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Continuing from the previous Post, Pathik sends me the following on Clause 49 and the Sarbanes Oxley Act;

The Sarbanes Oxley Act was primarily introduced subsequent to the Enron Scandal in order to regulate corporate governance in the US. India however failed to learn from US’s mistakes and did not introduce similar measures in India. The SEBI did introduce Clause 49 of the listing agreement requiring more disclosures from the Company. However, we are aware that Satyam managed to pull off a fraud of such magnitude despite formally complying with all the requirements under Clause 49 as well as other SEBI regulations such as the DIP Guidelines and so forth.

One also finds the need to reassess the liabilities and responsibilities of auditors under the Indian legal regime. The very fact that a member of the elite Big Four, Pricewaterhouse Coopers was caught completely unawares of the reality as it existed distinct from that portrayed in Satyam’s books of accounts indicates the need for more stringent checks on the role of auditors and to make them more accountable.

It is indeed encouraging that SEBI has already initiated steps towards strengthening the laws pertaining to Corporate Governance with the SEBI Committee on Disclosures and Accounting Standards (SCODA) met in Mumbai on January 9, 2009 and  after detailed deliberations, the SCODA recommended that a peer review of the working papers (relating to financial statements of listed entities) of auditors would be conducted in respect of the companies constituting the NSE – Nifty 50 and the BSE Sensex. Such a review would be in relation to the last quarterly results and the last audited annual financial results. For this purpose, a panel of auditors would be prepared by SEBI. This exercise would be taken up following the publication of 3rd quarter results and is expected to be completed by end of February 2009. This recommendation has been accepted by SEBI. In light of the Satyam fiasco, SEBI needs to take a re-look at the mandatory requirements prescribed and set up more checks on the lines of the Sarbanes Oxley Act. Hopefully, the Companies Bill, 2008, shall be passed by the Parliament soon and provide us with a solution to avoid frauds of such magnitude, which end up tarnishing India’s corporate image in todays era of globalization.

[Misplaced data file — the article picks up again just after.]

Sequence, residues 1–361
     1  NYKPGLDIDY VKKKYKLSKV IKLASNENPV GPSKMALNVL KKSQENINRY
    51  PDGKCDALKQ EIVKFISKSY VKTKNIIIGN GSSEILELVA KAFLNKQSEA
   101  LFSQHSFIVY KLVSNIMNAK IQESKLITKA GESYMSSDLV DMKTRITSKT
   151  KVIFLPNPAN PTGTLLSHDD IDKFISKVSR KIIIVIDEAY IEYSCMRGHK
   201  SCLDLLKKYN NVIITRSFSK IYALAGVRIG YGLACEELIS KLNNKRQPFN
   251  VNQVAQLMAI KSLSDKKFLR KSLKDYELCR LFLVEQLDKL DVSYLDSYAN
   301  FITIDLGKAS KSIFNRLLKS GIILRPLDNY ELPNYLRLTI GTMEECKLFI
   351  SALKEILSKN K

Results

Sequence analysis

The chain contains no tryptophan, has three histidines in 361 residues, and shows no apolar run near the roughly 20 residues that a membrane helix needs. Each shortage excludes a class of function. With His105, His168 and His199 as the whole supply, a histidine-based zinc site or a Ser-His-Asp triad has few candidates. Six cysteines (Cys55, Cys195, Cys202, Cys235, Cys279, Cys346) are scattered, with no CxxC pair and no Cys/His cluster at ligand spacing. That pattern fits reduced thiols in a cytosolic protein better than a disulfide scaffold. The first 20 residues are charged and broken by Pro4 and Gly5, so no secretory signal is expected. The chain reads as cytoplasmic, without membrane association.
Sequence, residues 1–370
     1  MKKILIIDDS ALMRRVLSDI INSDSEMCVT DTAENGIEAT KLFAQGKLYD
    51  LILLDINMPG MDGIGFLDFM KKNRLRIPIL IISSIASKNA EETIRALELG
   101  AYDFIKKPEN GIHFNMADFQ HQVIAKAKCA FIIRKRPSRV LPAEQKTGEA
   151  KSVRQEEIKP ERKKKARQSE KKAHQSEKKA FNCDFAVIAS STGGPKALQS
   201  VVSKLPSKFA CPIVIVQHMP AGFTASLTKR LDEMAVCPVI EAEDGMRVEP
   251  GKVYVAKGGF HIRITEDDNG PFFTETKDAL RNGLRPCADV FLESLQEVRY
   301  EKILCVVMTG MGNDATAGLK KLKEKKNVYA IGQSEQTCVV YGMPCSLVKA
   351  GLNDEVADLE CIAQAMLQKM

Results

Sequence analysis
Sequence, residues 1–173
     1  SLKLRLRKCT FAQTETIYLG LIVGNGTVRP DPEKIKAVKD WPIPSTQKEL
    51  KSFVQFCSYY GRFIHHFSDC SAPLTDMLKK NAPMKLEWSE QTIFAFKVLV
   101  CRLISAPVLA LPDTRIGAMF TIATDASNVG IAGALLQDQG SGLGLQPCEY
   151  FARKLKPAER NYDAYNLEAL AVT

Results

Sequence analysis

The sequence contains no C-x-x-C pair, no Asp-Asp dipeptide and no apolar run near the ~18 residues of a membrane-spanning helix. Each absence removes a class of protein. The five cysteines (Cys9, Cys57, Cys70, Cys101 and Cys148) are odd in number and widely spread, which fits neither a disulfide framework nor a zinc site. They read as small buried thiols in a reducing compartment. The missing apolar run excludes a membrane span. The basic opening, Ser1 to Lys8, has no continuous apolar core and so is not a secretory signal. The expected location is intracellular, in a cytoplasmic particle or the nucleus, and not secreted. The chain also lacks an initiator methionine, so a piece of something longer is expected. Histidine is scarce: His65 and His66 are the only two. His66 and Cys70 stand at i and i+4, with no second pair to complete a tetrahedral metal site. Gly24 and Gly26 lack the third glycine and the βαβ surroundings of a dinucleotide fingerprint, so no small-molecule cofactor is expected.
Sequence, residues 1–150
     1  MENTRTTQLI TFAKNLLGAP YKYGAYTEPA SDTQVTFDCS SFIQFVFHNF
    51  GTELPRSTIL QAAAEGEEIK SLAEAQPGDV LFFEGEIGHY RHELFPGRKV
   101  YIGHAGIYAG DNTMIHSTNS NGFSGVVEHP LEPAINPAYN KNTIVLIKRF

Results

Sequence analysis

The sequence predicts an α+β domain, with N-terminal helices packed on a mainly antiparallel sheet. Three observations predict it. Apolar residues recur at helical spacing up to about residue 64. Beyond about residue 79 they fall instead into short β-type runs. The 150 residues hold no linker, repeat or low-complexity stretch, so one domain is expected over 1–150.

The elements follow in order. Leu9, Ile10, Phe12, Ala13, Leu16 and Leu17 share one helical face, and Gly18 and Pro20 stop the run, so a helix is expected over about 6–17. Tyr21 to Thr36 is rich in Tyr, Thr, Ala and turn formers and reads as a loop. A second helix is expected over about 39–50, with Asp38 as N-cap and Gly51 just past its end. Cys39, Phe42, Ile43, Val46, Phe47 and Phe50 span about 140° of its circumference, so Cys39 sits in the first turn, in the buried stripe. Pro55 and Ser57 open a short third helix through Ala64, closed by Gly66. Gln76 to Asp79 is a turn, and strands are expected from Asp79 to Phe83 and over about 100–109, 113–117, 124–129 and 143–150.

The Times of India reports of a teacher in a village near Ludhiana losing upto 15 lakhs as a result of the Satyam debacle. Being shocked by the loss, he was about to commit suicide when he was stopped.

Im pretty sure that he is not the only one who has been affected by India’s biggest corporate scandal and that there are millions more who can be placed in his shoes.

I am also told from close friends of mine and Mr. Raju’s family that Ramalinga Raju is not a bad person as he is made out to be by the media. My sympathies are for him if this is true. Maybe its just the greed for money that has compelled him to engage in this seemingly fraudulent transaction.

Going further, newspapers report that the ‘scandal’ re-emphasies the need for independent directors to be appointed to companies. I’d like to correct a lot of these authors in this area. Two years ago, the Securities and Exchange Board of India amended its listing agreement to insert a certain Clause 49. This pertains to corporate governance. One key provision of this amendment is that at least one-third of the board must consist of independent directors. Other measures include stronger audit standards and better financial disclosure norms.

I am told that this amendment comes from the Narayana Murthy Report on the need for independent directors and corporate governance.

Let me get this clear to the readers, Satyam has followed all the guidelines relating to the need for independent directors as prescribed by this clause. Legal compliance with this provision then is not an issue. The problem arises from fraudulent transactions that Mr. Raju has engaged in; as evident from his letter and the aspect of insider trading. The SEBI has flown down a team to investigate this aspect and the Institute for Chartered Accountants of India (ICAI) has given a show cause notice to Price Waterhouse Coopers for forged audit reports.

In light of Mr. Raju’s arrest, It would be better if ways are found to protect the investors rather than focusing on the downfall of Mr. Raju though.

I would like the readers to read India Corporate Law and Law and Other Things on the issue. Both the blogs give detailed insights to the problem at hand and the consequences.